Date of Award


Publication Type

Master Thesis

Degree Name



Civil and Environmental Engineering

First Advisor

Ghrib, F.


Engineering, Civil.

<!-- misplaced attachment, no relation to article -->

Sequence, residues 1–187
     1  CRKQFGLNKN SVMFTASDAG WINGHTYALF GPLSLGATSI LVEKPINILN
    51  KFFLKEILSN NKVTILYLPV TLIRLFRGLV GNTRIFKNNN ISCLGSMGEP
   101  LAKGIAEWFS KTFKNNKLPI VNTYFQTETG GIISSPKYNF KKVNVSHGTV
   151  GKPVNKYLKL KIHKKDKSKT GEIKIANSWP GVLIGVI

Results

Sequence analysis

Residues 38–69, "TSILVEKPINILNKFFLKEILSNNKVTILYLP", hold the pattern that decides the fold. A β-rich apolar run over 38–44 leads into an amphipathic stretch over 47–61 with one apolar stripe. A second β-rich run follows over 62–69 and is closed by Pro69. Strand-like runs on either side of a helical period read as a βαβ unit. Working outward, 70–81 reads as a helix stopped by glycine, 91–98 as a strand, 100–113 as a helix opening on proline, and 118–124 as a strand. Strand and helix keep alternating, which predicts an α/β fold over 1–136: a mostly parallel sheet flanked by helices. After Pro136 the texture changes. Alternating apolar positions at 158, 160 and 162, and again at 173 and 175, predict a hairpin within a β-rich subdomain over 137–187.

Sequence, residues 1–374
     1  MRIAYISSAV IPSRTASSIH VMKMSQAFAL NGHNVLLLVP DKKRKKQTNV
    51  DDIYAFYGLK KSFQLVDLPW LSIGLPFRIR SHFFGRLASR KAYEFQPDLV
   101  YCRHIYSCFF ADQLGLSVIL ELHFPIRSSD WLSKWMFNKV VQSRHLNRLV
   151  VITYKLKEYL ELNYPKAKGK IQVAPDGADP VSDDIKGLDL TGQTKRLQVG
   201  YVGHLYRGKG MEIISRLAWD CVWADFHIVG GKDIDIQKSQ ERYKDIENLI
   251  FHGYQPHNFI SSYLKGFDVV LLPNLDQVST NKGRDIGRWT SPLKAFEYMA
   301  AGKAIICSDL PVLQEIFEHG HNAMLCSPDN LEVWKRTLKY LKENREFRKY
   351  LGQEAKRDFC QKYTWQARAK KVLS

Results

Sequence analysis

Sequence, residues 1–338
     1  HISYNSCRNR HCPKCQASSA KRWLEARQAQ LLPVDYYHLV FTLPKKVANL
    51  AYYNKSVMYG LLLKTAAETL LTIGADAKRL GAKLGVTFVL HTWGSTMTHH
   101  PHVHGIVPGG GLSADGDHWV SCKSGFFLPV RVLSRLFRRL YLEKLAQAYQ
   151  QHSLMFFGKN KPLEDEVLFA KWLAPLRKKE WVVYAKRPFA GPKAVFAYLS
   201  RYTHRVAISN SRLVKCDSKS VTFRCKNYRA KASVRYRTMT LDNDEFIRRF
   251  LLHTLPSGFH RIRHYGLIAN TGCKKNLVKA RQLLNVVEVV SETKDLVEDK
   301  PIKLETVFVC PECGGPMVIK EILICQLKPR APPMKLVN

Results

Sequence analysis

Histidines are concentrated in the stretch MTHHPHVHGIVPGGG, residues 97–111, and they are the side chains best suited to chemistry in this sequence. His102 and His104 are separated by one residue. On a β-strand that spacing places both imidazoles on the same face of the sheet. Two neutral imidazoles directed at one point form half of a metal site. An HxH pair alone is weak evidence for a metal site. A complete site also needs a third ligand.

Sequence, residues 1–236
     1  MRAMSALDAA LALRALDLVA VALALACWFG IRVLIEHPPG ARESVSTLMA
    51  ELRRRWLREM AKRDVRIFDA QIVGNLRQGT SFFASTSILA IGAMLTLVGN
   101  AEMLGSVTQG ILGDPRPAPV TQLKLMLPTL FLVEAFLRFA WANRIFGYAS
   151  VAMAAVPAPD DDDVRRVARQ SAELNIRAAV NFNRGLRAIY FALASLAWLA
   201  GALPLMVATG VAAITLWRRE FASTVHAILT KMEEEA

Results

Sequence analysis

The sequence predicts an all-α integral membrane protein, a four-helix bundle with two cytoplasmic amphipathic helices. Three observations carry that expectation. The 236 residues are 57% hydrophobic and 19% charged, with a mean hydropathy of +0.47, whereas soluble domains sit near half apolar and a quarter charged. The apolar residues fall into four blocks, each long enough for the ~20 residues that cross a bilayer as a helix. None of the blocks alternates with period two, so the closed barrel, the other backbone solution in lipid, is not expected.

The objective of this research work is to assess existing models for different loading conditions. The approach is based on the experimental research findings of the Society of Automotive Engineers (SAE), which is used as a benchmark. The models are classified into three categories: (i) Empirical formulas based on modification of the Coffin-Manson equation; (ii) Critical plane models which are based on physical observation that fatigue crack initiate and grow on certain planes; (iii) Damage mechanics models based on energetic thermodynamic approach. The first two categories of models are implemented in commercial software "FE-Fatigue". The software uses the results of linear finite element analysis to determine the critical locations. The fatigue life prediction is therefore evaluated based on the stress-strain distribution obtained from the finite element analysis. The continuum damage mechanics approach uses a fundamental formulation based on energetic thermodynamics. This technique integrates an elasto-plastic-damage locally coupled constitutive law in the critical location where plastic deformation is accumulated. Based on its nature the continuum damage mechanics approach is restricted to low cycle fatigue. (Abstract shortened by UMI.)Dept. of Civil and Environmental Engineering. Paper copy at Leddy Library: Theses & Major Papers - Basement, West Bldg. / Call Number: Thesis2002 .B56. Source: Masters Abstracts International, Volume: 42-01, page: 0283. Adviser: Faouzi Ghrib. Thesis (M.A.Sc.)--University of Windsor (Canada), 2002.